A 'Wizard Of Oz' Remake Is Happening, And Twitter Users Have Thoughts

The new film will include iconic elements from the 1939 Judy Garland movie, but fans doubt the classic can be improved upon.

Time to dust off those ruby slippers, folks: A new version of “The Wizard of Oz” is in the works.

According to The Hollywood Reporter, Nicole Kassell has signed on to direct a new adaptation of L. Frank Baum’s “The Wonderful Wizard of Oz” for New Line Cinema. The story has, of course, been adapted for the screen several times before, most notably as the 1939 classic starring Judy Garland as Dorothy Gale.

“While the 1939 musical is part of my DNA, I am exhilarated and humbled by the responsibility of re-imagining such a legendary tale,” Kassell, whose credits include 2004’s “The Woodsman” and episodes of “Watchmen” and “The Americans,” said in a statement. “The opportunity to examine the original themes —the quest for courage, love, wisdom and home — feels more timely and urgent than ever.”

“These are profoundly iconic shoes to fill,” she added, “and I am eager to dance alongside these heroes of my childhood as we pave a newly minted yellow brick road!”

“The Wizard of Oz” hasn’t exactly been an untouchable property in the 82 years since Garland’s Dorothy flew over the rainbow. Baum’s characters have been reprised on screen in 1985’s “Return to Oz” and 2013’s “Oz the Great and Powerful” as well as on Broadway in the musicals “The Wiz” and “Wicked.”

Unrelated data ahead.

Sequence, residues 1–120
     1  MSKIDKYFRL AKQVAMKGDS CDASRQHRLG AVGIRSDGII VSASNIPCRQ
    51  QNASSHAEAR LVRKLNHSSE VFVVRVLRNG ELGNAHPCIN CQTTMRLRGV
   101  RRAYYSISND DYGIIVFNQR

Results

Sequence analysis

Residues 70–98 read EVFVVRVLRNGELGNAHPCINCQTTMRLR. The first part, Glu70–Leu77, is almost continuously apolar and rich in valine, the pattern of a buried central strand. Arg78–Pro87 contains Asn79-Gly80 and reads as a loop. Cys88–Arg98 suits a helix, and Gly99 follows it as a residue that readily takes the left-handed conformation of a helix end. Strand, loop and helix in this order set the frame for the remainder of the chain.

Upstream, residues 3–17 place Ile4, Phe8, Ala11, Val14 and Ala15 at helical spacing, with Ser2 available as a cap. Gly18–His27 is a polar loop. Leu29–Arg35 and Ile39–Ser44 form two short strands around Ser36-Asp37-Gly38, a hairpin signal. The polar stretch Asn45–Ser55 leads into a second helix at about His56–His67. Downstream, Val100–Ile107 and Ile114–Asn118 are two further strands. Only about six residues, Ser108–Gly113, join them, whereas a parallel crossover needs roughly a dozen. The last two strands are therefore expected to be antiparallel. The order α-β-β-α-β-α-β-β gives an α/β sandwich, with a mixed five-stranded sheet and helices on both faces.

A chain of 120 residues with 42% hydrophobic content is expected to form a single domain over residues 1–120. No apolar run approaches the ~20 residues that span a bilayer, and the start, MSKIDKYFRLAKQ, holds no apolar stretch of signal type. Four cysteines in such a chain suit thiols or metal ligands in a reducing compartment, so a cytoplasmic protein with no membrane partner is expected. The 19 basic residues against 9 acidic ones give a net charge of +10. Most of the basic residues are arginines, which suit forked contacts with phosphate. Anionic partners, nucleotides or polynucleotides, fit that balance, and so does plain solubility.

And because New Line’s parent, Warner Bros. Pictures, owns the rights to the 1939 film, the upcoming adaptation will apparently be the first to reference trademarked elements from that version, including the ruby slippers.

After news of the remake broke Tuesday, many on social media took it as a sobering reminder that, yes, nothing is ever truly sacred in Hollywood.

“While i admire the gumption of someone trying to remake a near-flawless classic i can’t see why, as a filmmaker, you’d want to,” one person wrote. “Wizard Of Oz remains, in its original form, one of the most magical big screen experiences. Replicating that will be nigh on impossible.”

Added another, “I had to check my calendar to make sure it wasn’t April 1st, and an April Fools’ joke.”

Others, however, were a bit more optimistic, noting that “The Wonderful Wizard of Oz” had been adapted as a silent film three times before 1939.

News of the remake comes amid a resurgence of interest in both Baum’s characters and Garland herself. Earlier this month, Jon M. Chu of “Crazy Rich Asians” confirmed he’d joined the film adaptation of “Wicked” as a director.

Last year, Renée Zellweger won an Oscar for portraying Garland in the acclaimed biopic “Judy,” and the year before that, “A Star is Born” was a box office and awards season smash, with Bradley Cooper and Lady Gaga in updated versions of James Mason and Garland’s roles in the 1954 film of the same name.